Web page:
ALBUQUERQUE, N.M. (AP) — The killing this spring of a homeless man who police say was shot by two Albuquerque teens “for fun” has spurred Navajo Nation human rights and civil rights advocates to urge more vigilance in reporting attacks that may be perceived as directly targeting Native Americans.

The Navajo Nation Human Rights Council is holding training sessions this week aimed at raising awareness of hate crimes against Native Americans.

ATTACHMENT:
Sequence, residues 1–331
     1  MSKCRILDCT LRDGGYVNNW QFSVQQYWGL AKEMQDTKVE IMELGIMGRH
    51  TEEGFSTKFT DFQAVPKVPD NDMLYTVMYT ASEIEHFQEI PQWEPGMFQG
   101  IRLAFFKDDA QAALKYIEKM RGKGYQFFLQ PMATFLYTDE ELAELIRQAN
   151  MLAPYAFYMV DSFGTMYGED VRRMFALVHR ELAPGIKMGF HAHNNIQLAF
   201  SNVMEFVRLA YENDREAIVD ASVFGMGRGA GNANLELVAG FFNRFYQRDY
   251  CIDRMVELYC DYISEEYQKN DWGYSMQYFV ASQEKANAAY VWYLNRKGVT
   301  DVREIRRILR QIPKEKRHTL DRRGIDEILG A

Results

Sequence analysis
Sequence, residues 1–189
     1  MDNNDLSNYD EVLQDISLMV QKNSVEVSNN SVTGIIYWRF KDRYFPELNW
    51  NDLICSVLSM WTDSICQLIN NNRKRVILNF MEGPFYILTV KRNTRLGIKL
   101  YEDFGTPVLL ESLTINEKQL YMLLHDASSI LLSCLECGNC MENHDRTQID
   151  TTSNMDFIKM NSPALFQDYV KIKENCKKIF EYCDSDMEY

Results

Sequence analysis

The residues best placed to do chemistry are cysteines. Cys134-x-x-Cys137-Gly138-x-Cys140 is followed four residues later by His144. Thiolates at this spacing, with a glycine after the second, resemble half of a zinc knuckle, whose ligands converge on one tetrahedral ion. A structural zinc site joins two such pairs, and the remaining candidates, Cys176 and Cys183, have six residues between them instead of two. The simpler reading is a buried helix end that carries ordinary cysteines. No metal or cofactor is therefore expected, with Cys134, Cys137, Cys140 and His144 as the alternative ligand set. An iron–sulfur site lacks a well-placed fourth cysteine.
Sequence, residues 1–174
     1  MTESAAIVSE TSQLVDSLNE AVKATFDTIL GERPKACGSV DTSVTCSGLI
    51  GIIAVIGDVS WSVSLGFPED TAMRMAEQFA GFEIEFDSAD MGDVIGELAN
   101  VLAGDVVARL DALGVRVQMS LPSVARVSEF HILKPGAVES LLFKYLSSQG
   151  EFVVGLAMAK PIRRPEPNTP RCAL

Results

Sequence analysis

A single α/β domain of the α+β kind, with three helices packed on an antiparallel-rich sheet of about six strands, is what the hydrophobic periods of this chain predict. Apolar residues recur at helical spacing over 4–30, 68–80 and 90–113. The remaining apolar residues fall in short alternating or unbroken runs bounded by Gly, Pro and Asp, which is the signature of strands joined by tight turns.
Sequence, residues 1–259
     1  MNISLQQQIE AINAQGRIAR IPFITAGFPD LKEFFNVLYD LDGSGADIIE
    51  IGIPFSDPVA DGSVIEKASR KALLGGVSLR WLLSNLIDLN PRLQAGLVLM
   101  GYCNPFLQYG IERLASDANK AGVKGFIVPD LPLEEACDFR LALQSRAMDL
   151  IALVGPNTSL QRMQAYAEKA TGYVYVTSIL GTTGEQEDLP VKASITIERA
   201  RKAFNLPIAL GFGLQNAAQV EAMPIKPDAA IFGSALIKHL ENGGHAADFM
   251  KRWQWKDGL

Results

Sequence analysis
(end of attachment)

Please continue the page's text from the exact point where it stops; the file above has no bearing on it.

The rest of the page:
It comes two months after police accused two teenagers of bragging to friends about shooting 50-year-old Ronnie Ross, a Navajo.

While the case is not being prosecuted as a hate crime, advocates say it still underscores concerns for homeless Native Americans.

The first session Wednesday at the Albuquerque Indian Center was attended by about 100 people. City officials were encouraging police to attend a session Thursday at City Hall.